A credit score plays an essential role in the process to apply for a credit card. Lenders and other entities use it to help determine creditworthiness for their cards, as well as for loans and even apartment rentals. This is because a credit score summarizes the potential risk an applicant poses in a financial agreement.
Where you fall on the scale, which ranges from 300 to 850, tells a credit card lender how likely you are to pay what you borrow. Think of it like a temperature gauge for your overall financial health, except that the higher your score is, the better off you are.
What Determines Your Credit Score?
Understanding the score needed to apply for a particular credit card is important, but first you need to know what goes into a credit score. This number is derived from information on your credit reports, which are generated by credit bureaus such as TransUnion, Equifax, and Experian. These bureaus consider a number of factors when generating your reports, based on information they receive from lenders you’ve already borrowed from.
Credit Score Factors
The following factors contribute the most weight to your overall credit score:
Not all of these factors have the same weight when it comes to calculating a credit score. Some, like payment history, impact your credit more than others. Moreover, each consumer likely has more than one credit score, since each bureau issues their own report and there are several different scoring models (namely, FICO and VantageScore). For a more detailed look into what goes into a credit score, check out our article on the credit report basics.
Does Applying for a Credit Card Hurt Your Credit Score?
Whenever you apply for a credit card (or a loan, for that matter), the lender will most likely run a credit check. This is also known as a credit inquiry, and there are two types: hard, and soft. Soft inquiries require less information, so they don’t hurt your credit score.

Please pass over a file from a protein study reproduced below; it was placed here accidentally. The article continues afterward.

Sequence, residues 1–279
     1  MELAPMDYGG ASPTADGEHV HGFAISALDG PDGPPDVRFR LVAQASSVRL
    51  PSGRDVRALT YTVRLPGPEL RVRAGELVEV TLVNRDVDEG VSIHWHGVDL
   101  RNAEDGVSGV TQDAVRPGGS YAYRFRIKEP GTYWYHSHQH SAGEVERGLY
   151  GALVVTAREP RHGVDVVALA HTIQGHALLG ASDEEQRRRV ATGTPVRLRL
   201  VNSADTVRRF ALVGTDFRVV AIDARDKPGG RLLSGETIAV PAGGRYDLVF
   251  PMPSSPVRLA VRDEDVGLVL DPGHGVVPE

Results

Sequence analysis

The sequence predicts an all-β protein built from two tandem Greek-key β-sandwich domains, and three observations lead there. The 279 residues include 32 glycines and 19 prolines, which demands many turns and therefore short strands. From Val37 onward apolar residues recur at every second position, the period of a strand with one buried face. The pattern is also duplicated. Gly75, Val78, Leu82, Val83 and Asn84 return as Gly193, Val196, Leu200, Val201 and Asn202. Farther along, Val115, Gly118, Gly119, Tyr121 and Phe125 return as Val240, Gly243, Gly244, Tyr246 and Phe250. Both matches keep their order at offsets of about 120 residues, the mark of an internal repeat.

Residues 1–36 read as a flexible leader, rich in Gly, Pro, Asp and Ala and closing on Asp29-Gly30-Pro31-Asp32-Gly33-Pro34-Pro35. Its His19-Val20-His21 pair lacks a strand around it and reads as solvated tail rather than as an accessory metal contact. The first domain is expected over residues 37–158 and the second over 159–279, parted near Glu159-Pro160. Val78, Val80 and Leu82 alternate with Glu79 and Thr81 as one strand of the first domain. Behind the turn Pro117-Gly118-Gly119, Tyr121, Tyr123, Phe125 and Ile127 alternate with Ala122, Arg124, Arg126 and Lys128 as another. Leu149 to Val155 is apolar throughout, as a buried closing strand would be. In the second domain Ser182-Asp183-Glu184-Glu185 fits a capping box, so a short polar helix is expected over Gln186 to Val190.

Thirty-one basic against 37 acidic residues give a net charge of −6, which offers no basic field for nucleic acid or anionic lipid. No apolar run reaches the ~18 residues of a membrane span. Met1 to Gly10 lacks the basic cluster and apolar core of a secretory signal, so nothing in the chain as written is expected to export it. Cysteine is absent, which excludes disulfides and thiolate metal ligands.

Hard inquiries, on the other hand, require a full look at your report. As a result, hard pulls stay on your credit report for up to 2 years, and each one knocks your score a few points. That’s why you don’t want to apply for too many credit lines within a short period – those hard inquiries can add up quickly.
Plus, when a lender sees you’ve applied for several lines of credit back to back, they are more likely to label you a high-risk applicant. This type of activity suggests that you’re in need of credit because you’re short on cash – which in turn suggests you may have trouble making payments.
What Credit Score Do You Need to Apply for a Credit Card?
Though credit scores overall vary from 300 to 850, this range is further divided into several categories. The labels that accompany these categories make it easier for lenders to advertise the type of applicants they’re looking for on particular offer.
In turn, applicants who know which category they fall into can use that label to quickly find offers they qualify for. This can help minimize the risk of undergoing multiple card inquiries. For example, applicants in the “fair credit” category would want to avoid cards in the “excellent credit” category, as they’re unlikely to get approved.
Where Do You Fall On the Credit Score Range?
The following list outlines the four basic credit score categories in detail:
Can You Apply for a Credit Card with No Credit?
As pointed out in the previous section, certain instances allow lenders to approve you for a credit card with no credit score at all. Otherwise, it would be nearly impossible to build credit from scratch. The types of credit cards available to applicants tend to fall into two categories: student credit cards and secured credit cards.
Though they function much the same as other credit cards, student cards are designed with young consumers in mind. These applicants tend to have very little to no credit since they’re still in school, so the credit and income requirements tend to be less strict.
Meanwhile, secured credit cards help limit the risk to lenders since they require a security deposit. This type of credit card allows cardholders to borrow within the confines of their deposit, until their credit is solid enough to apply for an unsecured credit card.